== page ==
C.P. initially contends that the trial court erred in permitting M.P.'s prior girlfriend to testify about the physical abuse she suffered when dating him. "Evidence of a prior relationship . . . some 5 years prior was not relevant to the issue of the appointment of the primary conservator, " she believed. We overrule the issue.

         Implicit and paramount in disputes regarding conservatorship over children are the best interests of the children. Tex. Fam. Code Ann. § 153.002 (West 2014) (stating that "[t]he best interest of the child shall always be the primary consideration of the court in determining the issues of conservatorship and possession of and access to the child"). Relevant to that inquiry can be the prior bad acts of a parent. Our Supreme Court acknowledged as much in Danet v. Bhan, 436 S.W.3d 793 (Tex. 2014). In that case, the Court was reviewing an intermediate appellate court's decision holding the evidence legally insufficient to support a finding that Bhan's appointment as the child's conservator would significantly impair the child's physical health and emotional development. The intermediate court erred in so ruling, according to the Supreme Court. And, in so holding it noted the presence of evidence which included Bhan's "conduct in the more distant past, two or three years before the August 2010 trial, such as her drug use, criminal record, failure to provide stability in the home, and abandonment of the child." Id. at 797. Noting such historic misconduct can certainly be interpreted as the Supreme Court viewing the past bad acts of a prospective custodian as relevant to the issue of custody.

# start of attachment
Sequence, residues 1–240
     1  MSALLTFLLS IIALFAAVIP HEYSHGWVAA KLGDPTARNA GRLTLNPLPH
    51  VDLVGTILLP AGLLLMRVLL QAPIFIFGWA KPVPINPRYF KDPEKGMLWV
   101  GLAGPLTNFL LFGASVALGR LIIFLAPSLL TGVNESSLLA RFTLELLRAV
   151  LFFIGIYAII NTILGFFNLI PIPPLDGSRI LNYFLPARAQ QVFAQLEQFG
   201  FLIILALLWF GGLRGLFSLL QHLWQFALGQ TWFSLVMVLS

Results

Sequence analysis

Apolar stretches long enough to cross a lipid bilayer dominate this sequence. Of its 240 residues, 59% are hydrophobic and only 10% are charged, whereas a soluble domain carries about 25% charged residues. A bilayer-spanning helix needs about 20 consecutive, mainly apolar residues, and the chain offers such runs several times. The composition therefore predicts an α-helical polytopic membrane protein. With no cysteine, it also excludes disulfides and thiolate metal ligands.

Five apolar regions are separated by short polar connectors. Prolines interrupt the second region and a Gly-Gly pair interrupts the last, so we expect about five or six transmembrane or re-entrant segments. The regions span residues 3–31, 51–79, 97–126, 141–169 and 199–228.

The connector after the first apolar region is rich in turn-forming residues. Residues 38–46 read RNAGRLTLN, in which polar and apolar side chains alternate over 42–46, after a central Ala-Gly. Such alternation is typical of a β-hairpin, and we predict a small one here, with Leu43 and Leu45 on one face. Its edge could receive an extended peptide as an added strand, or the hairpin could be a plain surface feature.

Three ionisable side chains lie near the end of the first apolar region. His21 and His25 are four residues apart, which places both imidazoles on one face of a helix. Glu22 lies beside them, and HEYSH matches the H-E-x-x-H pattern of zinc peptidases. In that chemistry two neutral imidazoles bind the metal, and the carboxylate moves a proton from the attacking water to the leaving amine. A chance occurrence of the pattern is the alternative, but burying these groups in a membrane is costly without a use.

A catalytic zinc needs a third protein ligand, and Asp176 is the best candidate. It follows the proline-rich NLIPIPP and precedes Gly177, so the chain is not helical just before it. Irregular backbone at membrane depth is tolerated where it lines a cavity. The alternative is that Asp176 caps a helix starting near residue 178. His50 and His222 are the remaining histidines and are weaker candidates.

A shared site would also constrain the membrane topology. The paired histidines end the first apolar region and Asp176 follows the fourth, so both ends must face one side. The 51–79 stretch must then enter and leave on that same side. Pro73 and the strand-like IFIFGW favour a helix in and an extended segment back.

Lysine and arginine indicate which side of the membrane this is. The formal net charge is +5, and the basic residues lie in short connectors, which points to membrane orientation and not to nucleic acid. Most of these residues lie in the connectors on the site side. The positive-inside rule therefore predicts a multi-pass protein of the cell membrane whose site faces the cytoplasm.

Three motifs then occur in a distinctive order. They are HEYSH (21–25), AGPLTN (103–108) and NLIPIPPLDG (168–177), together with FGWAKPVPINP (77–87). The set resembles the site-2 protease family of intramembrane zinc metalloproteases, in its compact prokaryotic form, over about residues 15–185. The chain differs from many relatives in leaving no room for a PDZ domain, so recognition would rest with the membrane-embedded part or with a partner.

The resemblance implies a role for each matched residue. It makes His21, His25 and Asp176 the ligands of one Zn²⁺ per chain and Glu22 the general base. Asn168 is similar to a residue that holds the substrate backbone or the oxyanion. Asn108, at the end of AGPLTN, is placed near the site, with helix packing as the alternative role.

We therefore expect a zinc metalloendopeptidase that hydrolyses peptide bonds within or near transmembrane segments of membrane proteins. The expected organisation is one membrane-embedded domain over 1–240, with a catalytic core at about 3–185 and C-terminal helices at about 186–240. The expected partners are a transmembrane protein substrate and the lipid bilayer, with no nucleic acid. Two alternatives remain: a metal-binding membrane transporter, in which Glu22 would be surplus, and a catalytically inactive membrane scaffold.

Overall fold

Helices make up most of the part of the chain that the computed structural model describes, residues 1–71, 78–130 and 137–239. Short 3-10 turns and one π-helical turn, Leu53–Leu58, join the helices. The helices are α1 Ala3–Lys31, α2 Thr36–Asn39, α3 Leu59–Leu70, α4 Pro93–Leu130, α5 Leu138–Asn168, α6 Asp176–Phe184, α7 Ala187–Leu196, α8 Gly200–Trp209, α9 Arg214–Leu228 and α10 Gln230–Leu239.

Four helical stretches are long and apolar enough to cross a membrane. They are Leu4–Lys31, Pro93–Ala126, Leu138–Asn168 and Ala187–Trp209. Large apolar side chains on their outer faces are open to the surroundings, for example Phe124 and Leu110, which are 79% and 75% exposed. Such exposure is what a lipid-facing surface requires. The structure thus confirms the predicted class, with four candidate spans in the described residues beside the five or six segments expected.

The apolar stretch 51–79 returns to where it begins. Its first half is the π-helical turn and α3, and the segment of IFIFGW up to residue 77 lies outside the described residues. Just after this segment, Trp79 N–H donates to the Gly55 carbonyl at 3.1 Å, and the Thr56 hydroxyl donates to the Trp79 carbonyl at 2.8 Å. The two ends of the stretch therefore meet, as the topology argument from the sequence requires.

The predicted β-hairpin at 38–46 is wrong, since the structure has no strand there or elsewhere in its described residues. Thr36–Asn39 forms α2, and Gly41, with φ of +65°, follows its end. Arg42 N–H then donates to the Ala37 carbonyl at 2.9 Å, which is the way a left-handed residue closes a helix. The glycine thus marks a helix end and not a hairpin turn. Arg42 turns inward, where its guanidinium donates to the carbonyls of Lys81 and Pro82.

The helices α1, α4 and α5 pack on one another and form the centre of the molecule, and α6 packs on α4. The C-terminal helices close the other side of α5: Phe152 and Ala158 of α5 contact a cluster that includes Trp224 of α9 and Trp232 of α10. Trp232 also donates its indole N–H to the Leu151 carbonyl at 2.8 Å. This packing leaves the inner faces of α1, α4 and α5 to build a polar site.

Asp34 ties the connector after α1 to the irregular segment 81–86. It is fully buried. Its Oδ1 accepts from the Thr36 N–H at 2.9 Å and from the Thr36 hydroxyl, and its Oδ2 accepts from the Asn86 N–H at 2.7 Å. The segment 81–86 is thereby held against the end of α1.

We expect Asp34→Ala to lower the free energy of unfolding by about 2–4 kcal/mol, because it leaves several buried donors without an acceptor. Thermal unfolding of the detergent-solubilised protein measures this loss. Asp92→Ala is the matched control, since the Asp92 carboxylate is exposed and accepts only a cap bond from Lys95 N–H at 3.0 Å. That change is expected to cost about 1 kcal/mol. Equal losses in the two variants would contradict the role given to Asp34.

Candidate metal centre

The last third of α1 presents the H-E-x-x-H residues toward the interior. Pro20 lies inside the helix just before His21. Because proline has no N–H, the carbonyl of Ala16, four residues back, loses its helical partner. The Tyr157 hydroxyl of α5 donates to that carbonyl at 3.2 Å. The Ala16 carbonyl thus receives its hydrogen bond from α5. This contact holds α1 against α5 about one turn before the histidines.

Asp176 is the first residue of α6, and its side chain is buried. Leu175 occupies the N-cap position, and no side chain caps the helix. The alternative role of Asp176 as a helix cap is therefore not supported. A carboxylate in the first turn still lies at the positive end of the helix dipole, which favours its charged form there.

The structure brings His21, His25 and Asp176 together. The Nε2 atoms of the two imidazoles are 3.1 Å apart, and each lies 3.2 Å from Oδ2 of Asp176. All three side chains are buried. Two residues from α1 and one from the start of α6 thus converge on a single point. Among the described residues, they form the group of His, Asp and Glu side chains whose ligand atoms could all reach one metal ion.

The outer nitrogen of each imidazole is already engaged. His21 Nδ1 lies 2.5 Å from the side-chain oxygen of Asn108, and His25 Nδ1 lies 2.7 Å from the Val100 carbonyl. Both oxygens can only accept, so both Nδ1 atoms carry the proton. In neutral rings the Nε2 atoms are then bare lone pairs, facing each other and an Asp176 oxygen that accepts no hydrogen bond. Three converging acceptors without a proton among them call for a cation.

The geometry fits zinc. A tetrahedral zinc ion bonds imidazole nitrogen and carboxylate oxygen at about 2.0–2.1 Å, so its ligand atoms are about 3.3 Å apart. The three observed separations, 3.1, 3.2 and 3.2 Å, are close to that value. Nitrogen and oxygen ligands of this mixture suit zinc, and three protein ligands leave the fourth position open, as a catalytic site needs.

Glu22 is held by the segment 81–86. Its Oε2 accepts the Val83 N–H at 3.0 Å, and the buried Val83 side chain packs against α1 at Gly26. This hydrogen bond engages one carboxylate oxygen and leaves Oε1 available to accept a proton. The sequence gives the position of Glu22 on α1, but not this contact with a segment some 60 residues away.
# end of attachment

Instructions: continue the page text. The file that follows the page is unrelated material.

Indeed, our Texas jurisprudence has often observed that past conduct of a parent can be indicative of how a parent will act in the future. See In re H.B., No. 07-16-00100-CV, 2016 Tex.App. LEXIS 6620, at *2-3 (Tex. App.-Amarillo June 22, 2016, no pet.) (mem. op.) (stating that past actions often indicate future conduct and a factfinder may measure a parent's future conduct by his or her past conduct). Furthermore, historic misconduct is especially relevant when it actually corroborates more recent misconduct. See In re D.L.W., No. 07-15-00243-CV, 2015 Tex.App. LEXIS 12372, at *9 (Tex. App.- Amarillo Dec. 4, 2015, no pet.) (mem. op.) (noting that evidence of a parent's prior conduct may be introduced to corroborate evidence of more recent similar conduct); In re C.E.B., 604 S.W.2d 436, 443 (Tex. Civ. App.-Amarillo 1980, no writ) (noting the same).

         Admittedly, circumstances in cases such as Bhan often concern a parent and the risk he or she may pose to the child. But, the individuals with whom the parent associates and to whom the child is exposed can hardly be ignored. They too may affect the child's well-being. See, e.g., In re M.R.J.M.,280 S.W.3d 494, 502 (Tex. App.-Fort Worth 2009, no pet.) (stating that "[i]nappropriate, abusive, or unlawful conduct by persons who live in the child's home or with whom the child is compelled to associate on a regular basis in his home is a part of the 'conditions or surroundings' of the child's home"). So, just as a parent's history is relevant in deciding matters of custody, the history of those with whom the parent associates and to whom the child is exposed also has relevance. Because it does, the trial court at bar did not abuse its ...